The flat-backed citern was the most important plectrum-plucked instrument of the Renaissance, and its popularity is attested by numerous literary references.
This finely-carved cittern is said to have been made by the great Italian stringed instrument maker Antonio Stradivari in 1700.
This early 17th-century painting by Wouter Pieterz Crabeth shows a cittern (left) being played with a lute and flute.
Back and front views of a bell cittern, which became popular in Germany in the 17th century. The Neapolitan mandolin is distinguished from other lute-type instruments by the pronounced increase in depth of vaulting at the body's lower end.
A cittern, also called a cither or cithern, is a musical instrument popular in western Europe in the sixteenth to eighteenth centuries. An instrument resembling a lute, but with a shallow, flat back, its four pairs of wire strings were played with a plectrum until the end of the sixteenth century and thereafter often with the fingers. In England, during the eighteenth century, is was miscalled the English guitar. Of the same general type were the orpharion, or pandore (or bandore or badora), a bass instrument. The Spanish bandurria and laud are also forms of cittern.
The cittern evolved from the citole a plucked lute-like instrument played by 13th-century French troubadours. Made from a single piece of wood, the citole had a flat, pear-shaped body and a short neck, and was usually fitted with three single brass or steel strings that passed from a flat pegdise to a frontal string-holder.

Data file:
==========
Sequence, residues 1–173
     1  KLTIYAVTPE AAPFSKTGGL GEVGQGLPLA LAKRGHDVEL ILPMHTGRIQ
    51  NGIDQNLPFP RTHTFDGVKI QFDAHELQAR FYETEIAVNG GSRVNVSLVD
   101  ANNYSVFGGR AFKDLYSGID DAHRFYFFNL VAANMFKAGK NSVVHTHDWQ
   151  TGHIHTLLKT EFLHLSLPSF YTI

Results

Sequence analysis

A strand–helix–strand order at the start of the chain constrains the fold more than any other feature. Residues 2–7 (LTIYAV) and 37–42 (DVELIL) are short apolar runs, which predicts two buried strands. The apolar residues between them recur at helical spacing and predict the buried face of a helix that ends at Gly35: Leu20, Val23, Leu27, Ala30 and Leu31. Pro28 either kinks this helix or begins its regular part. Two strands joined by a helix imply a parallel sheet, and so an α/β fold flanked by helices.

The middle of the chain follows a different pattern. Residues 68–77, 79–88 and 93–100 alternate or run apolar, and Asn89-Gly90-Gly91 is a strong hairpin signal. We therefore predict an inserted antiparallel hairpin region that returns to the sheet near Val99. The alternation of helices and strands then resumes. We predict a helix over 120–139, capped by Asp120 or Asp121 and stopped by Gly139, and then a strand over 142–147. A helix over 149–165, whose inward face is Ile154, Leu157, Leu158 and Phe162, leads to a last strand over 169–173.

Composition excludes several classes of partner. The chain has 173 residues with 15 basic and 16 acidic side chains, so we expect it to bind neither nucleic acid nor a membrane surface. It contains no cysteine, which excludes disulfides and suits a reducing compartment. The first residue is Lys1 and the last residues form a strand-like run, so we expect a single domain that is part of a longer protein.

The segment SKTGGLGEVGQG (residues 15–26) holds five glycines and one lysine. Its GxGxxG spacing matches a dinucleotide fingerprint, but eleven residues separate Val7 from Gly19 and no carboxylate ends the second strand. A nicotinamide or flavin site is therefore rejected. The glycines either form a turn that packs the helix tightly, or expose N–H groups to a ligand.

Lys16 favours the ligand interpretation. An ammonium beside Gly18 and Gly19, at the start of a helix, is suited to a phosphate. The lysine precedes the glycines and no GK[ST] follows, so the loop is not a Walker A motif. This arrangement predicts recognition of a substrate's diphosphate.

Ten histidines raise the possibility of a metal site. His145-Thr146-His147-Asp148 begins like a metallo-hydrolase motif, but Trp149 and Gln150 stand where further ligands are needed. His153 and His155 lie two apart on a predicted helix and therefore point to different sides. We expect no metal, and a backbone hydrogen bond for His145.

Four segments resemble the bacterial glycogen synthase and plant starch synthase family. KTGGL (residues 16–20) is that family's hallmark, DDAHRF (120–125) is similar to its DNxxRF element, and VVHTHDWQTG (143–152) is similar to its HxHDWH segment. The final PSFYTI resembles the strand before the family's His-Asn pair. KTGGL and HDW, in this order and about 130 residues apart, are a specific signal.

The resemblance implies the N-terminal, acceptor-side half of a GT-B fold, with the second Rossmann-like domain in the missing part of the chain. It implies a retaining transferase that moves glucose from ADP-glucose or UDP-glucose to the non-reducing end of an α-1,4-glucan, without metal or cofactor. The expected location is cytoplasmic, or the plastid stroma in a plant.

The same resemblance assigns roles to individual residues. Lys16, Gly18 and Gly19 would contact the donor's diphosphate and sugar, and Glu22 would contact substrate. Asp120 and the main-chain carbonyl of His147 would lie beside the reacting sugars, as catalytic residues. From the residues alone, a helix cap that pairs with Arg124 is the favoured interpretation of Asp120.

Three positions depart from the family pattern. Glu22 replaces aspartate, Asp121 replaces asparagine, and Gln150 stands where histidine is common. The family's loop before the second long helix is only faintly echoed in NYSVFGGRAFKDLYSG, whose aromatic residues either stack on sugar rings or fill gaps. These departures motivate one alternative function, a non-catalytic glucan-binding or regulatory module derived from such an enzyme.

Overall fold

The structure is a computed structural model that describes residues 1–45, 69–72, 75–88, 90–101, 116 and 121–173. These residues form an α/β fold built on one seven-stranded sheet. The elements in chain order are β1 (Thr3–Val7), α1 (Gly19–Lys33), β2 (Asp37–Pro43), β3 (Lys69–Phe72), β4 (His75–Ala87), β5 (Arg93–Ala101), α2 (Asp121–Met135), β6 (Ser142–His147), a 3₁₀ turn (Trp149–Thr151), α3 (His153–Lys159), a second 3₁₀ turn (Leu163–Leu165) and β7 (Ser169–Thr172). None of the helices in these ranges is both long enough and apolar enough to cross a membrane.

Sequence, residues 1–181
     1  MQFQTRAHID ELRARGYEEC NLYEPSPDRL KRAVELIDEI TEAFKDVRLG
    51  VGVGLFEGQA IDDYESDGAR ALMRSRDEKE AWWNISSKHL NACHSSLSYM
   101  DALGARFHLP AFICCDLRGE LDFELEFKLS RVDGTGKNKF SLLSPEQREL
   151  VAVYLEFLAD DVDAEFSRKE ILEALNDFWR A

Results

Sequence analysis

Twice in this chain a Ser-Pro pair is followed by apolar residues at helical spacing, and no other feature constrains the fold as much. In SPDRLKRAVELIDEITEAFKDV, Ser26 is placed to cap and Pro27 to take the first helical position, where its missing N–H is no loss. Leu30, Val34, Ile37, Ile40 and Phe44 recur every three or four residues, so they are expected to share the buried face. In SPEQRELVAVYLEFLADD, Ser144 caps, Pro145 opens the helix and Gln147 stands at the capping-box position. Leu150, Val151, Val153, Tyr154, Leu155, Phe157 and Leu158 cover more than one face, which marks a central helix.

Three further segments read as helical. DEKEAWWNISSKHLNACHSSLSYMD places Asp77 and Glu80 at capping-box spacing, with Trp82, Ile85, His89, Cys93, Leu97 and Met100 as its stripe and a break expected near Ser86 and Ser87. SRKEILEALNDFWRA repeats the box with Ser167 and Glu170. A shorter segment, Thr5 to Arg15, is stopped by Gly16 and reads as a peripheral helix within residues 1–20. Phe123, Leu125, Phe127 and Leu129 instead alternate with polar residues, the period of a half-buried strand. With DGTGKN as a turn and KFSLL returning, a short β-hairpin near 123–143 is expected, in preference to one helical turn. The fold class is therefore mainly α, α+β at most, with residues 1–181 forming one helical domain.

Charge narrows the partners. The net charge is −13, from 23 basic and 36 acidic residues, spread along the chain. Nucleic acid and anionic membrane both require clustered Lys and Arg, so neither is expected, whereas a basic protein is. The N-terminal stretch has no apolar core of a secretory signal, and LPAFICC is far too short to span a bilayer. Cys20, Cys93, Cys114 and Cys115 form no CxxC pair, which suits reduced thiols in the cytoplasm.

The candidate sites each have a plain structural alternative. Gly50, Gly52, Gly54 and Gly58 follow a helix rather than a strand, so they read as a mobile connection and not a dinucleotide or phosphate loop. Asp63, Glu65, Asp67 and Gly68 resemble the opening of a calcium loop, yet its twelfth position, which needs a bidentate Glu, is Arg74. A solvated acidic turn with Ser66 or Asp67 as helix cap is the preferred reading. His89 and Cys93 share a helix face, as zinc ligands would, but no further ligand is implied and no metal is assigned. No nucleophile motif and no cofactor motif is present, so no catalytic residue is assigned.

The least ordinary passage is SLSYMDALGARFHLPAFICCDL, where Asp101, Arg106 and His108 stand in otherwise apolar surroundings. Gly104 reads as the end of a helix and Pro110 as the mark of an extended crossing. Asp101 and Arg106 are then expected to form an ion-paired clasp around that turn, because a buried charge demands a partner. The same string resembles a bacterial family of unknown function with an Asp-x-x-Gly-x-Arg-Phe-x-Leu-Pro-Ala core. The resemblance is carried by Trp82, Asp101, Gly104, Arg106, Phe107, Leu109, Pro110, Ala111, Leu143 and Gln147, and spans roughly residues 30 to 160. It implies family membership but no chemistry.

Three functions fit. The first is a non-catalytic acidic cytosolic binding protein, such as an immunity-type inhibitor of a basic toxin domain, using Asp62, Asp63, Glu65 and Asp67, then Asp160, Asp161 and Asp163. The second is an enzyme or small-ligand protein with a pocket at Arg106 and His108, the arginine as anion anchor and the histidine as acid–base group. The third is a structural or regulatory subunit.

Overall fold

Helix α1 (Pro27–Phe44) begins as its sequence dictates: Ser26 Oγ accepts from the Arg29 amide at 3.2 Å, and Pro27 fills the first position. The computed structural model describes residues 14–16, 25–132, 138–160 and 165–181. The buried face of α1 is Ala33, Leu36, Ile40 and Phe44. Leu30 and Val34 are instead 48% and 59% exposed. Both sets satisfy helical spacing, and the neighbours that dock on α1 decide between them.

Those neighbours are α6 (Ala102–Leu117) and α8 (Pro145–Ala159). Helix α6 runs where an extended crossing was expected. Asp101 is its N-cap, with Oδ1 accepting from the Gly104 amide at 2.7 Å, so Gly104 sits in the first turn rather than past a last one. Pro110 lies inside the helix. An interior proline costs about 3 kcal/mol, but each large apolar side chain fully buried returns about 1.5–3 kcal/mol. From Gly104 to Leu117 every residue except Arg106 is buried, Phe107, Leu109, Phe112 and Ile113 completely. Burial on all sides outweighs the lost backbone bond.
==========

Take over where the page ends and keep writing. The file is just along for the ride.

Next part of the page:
Shape of the citole
In different parts of Europe the citole assumed various shapes, all of which had a protuberance at the bottom to which the strings were attached. The Italian style was a "spade-fiddle" shape, with the shoulders swept upwards to form points. In France, the shoulders developed into wings and the oval sides became either straight or slightly waisted. The English and Germans preferred a citole of a holly-leaf shape with the sides forming points at the intersections of concave curves.
During the 15th century a bridge was added to raise the strings off the soundboard, the pegdisc became a pegbox and the neck was fitted with 12 or more brass frets. The quill was abandoned and the four courses of strings began to be plucked with the fingers. The citole seems to have lasted longest in Spain, but by the early 16th century it had become universally transformed into the cittern.
A characteristic of the cittern, which was very popular in the 16th and 17th centuries, was its unusual neck, which was half cut away from behind the fingerboard on the bass side. The resulting overlap formed a "channel", which facilitated very rapid shifts to and from the high positions that were so often required in the instrument's solo repertory.
During its early years the cittern underwent many modifications, including increasing the number of courses of strings from five to 12. In 16th-century France and northern Europe the cittern eventually became standardized as a four-course instrument, with the top two courses of strings doubled and the other two trebled.
Towards the end of the 16th century a larger cittern with extra bass strings appeared. Called the ceterone, it was developed as a continuo instrument, its extra strings being secured to a separate pegbox, much like the theorbo. In the early 17th century a small English version of the cittern appeared. One person who enjoyed playing the Englisches Zitterlein was J. S. Bach's grandfather Veit, who, its is said, played it while working in his mill.
Demise of the cittern
By the mid 17th century in England and France, the cittern had degenerated into a barbershop instrument and was fast losing out to the increasingly popular guitar. By the mid 19th century the guitar had completely taken over and, apart from a few pockets in rural areas of Germany and Switzerland, the cittern had died out by the beginning of the 20th century.
During the 17th century Italian and French builders began to make larger cisterns with two pegboxes. These archcitterns had from five to seven melody gut strings and six or seven off-board strings on the lines of the theorists. Popular in the 18th century, they were about 1 meter (3 ft) long, and reportedly as loud as a harpsichord.